# help:negative entropy appears in cfd result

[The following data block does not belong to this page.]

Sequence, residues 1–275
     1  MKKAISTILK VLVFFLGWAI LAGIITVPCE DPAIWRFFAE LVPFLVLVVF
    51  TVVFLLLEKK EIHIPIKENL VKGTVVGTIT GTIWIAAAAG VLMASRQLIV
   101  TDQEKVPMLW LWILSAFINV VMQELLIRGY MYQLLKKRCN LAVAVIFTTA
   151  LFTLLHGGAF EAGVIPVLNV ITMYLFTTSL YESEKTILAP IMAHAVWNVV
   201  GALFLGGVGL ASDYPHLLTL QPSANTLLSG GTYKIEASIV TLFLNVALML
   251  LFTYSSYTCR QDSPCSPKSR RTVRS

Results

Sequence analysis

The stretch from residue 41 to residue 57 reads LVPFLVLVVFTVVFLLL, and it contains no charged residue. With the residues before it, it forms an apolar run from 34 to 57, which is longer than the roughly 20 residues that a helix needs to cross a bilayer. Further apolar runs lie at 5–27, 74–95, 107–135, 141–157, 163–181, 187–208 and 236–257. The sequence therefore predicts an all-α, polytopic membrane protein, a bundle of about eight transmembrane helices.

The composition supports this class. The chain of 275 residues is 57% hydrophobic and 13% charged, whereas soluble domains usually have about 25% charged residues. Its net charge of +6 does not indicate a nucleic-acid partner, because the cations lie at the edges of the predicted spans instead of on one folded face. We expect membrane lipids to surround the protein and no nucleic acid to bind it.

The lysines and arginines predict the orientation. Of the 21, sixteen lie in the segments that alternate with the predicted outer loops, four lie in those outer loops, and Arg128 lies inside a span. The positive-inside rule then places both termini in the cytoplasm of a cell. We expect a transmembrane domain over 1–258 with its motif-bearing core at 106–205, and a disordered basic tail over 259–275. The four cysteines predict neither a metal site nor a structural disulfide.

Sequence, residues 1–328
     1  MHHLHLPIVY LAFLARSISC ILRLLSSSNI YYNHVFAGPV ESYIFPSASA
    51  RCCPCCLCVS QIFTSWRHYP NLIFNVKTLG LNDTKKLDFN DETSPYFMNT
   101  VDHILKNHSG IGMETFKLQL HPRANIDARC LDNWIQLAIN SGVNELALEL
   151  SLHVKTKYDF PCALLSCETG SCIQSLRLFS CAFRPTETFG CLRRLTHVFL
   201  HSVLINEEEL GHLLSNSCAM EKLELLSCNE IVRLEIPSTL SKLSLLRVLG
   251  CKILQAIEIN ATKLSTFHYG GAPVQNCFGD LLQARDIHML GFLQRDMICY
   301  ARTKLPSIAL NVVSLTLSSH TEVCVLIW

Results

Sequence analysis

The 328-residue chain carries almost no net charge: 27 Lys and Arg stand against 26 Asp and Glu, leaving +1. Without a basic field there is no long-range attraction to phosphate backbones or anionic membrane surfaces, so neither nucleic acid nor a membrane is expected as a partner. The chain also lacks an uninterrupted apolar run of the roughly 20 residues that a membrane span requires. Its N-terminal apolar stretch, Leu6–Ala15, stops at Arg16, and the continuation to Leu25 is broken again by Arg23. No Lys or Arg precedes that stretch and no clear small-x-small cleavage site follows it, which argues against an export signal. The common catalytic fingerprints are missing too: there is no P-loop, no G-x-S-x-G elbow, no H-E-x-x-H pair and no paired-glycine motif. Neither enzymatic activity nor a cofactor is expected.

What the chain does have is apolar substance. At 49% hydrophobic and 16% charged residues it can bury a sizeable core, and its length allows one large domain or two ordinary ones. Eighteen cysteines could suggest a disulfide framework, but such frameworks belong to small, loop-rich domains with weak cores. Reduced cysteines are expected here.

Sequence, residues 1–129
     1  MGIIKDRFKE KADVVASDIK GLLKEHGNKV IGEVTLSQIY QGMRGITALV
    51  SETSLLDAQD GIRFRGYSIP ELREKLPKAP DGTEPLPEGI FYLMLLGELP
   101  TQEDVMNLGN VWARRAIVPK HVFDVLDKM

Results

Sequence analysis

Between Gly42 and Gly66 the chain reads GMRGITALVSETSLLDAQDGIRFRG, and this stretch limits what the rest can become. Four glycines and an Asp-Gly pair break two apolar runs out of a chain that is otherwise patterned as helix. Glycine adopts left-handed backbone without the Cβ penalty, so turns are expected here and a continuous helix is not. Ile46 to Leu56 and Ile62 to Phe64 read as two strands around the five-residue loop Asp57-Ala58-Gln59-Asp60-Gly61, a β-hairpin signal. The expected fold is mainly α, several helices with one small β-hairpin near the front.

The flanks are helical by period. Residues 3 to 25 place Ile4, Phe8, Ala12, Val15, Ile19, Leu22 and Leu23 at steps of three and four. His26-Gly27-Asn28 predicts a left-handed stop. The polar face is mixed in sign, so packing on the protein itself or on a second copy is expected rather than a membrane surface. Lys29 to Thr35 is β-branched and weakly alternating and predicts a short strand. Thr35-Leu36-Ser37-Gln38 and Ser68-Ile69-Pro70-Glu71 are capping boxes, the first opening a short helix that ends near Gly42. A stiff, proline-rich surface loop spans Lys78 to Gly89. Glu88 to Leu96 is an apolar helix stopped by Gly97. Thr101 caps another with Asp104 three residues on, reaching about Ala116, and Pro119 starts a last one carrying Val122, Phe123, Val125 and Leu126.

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 October 25, 2000, 22:16 help:negative entropy appears in cfd result #1 rb Guest   Posts: n/a I am in trouble with my cfd results for a transonic case(Ma(freestream)=0.7,blunt body). The solver is a full N-S equation program. The computational strategy is :Set a homogeneous initial condition,then the body is assumed impulsively put in it and solve the field time accurately. But the results show that in some part of the flow field, Total Pressure Loss(P0initial-P0) is negative. I tried to calculate the entropy change using: S2-S1=Cp*ln(T2/T1)-R*ln(P2/P1); (where "1" denote initial condition) The result also shows that at few points the entropy is negative (about -0.05). My question is:1. Is it possible that the Total Pressure Loss is negative in some part of the flowfield ? 2. What is the possible reason to explain the negative entropy in cfd calculation? How to avoid it? 3. Basically, I want to ask you: how is the Second Law of thermodynamics applied in the Cfd codes to ensure the correct output? Thanks in advance